Slack in the System

Dynamic human systems have three ways of dealing with change in the environment: buffers (absorb), feedback (adapt) and feedforward (anticipate). This precis has to do with buffering – slack in the system. The COVID-19 pandemic and lockdown have exposed organisations and countries with no or very little ‘slack in the system’.

Organisations are being exhorted to do more and more, faster and faster with less and less. Lack of slack reduces the ability to respond to opportunities and threats. A counter-intuitive principle of dynamic systems, such as business organisations is that some slack in the system is essential for its efficient operation. ‘Fat’ is wasteful slack that should be eliminated.

Prudent slack imparts resilience and robustness: an ability to absorb internal or external ‘shocks’ to the system e.g. unexpected loss of an executive, equipment failure, an epidemic.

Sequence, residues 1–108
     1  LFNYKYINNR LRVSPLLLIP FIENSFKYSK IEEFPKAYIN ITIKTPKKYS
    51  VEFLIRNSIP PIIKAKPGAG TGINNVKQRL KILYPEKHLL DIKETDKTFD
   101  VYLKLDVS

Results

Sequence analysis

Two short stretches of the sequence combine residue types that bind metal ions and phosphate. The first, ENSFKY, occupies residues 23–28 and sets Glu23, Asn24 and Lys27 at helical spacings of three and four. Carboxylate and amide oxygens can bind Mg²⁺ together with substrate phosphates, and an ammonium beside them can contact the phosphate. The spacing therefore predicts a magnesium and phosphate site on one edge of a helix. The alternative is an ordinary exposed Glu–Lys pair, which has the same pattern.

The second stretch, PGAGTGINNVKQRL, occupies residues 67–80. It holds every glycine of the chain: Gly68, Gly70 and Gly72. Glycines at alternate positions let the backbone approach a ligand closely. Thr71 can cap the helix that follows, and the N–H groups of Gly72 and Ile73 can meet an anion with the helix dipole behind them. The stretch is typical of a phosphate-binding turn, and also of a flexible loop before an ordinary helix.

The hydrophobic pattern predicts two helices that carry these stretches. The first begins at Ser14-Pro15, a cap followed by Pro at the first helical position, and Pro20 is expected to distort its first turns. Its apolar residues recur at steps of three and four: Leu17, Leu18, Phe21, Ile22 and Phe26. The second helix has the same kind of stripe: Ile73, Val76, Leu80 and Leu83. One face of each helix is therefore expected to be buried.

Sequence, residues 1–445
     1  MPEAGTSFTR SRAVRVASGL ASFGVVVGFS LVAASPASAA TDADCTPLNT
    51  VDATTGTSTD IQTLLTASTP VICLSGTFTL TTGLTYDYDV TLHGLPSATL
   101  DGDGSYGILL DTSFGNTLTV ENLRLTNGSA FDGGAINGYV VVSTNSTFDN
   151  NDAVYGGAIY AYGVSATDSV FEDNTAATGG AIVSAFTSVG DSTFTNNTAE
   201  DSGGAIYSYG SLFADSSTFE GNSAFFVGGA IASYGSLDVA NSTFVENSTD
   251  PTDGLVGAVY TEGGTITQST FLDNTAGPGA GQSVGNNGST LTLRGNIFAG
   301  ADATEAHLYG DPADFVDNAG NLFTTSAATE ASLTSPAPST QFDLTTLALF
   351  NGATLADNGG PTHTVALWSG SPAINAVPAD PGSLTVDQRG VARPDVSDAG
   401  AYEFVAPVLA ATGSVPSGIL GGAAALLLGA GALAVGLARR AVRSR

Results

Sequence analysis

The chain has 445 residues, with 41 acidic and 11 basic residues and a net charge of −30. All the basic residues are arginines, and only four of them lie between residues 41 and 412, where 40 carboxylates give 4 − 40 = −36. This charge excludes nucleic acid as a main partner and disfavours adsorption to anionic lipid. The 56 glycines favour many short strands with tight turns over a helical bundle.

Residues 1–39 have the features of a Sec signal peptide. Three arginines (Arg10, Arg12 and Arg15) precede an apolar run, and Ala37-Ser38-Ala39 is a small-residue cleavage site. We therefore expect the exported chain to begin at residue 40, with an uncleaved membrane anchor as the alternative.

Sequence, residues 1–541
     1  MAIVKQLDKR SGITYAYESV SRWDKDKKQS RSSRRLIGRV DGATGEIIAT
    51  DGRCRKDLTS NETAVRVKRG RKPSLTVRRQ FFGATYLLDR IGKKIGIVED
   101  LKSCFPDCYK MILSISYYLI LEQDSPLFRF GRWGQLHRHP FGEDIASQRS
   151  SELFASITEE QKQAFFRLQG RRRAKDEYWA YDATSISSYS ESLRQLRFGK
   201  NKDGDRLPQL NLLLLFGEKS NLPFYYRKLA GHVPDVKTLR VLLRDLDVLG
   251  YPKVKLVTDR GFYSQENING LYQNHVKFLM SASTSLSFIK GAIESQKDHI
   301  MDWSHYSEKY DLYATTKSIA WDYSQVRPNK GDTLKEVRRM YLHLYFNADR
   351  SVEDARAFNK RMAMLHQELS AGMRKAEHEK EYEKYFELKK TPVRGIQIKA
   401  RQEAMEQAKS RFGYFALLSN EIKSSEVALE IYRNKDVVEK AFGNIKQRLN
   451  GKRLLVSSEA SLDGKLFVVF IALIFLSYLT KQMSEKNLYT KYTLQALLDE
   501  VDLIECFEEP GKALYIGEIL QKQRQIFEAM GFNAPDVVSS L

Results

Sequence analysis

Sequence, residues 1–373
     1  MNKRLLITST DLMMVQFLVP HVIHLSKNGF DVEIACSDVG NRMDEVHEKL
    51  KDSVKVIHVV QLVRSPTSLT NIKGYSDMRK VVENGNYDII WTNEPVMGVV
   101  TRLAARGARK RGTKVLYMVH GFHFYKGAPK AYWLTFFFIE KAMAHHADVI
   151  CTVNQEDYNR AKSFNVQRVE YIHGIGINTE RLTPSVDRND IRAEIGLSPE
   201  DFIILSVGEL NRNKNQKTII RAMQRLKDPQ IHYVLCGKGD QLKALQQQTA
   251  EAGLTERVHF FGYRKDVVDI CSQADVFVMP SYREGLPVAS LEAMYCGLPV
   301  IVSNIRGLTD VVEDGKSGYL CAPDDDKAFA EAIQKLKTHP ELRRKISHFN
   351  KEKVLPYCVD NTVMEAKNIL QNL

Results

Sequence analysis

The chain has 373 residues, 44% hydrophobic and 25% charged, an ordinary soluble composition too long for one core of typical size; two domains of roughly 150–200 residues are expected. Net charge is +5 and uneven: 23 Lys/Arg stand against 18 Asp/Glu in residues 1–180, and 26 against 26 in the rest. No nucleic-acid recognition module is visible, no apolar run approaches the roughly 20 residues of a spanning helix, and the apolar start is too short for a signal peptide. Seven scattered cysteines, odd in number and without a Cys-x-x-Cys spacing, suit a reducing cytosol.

Resource slack is equipment, inventory or personnel in excess of average or current demands. 

Temporal slack is a bit of extra time, e.g. allowing an additional 10 minutes when travelling to a meeting at another location.

Procedural or control slack is the under-specification of non-critical processes or authority – it allows for some flexibility. 

Conceptual slack is heterogeneity of perspectives on a system’s state, functions, and environment – i.e. some tolerance of different points of view.

Prudent slack is a buffer that makes organisations robust. Robustness is the ability of an organisation to maintain critical functionality and to perform well in the face of significant stress: threats and opportunities. Stress occurs more frequently than random events: think of late delivery of material, increase costs, machine breakdown, temporary absence of key personnel, or a big order.

The challenge for managers is to know if slack is prudent and beneficial or wasteful. One approach is to monitor carefully what happens for some months after a larger order comes in, when a crucial supply is delivered late, when equipment breaks down or when key personnel are absent for a brief period.

Selected Online Sources

 ‘Cut the Fat but Keep some Slack’, by S Mullainathan and E Shafir in Strategy and Business 2014:74. Reprint 00229:

The Joy of Slack,by R Wears..

Roger Stewart. March, 2014,  April 2020 202  

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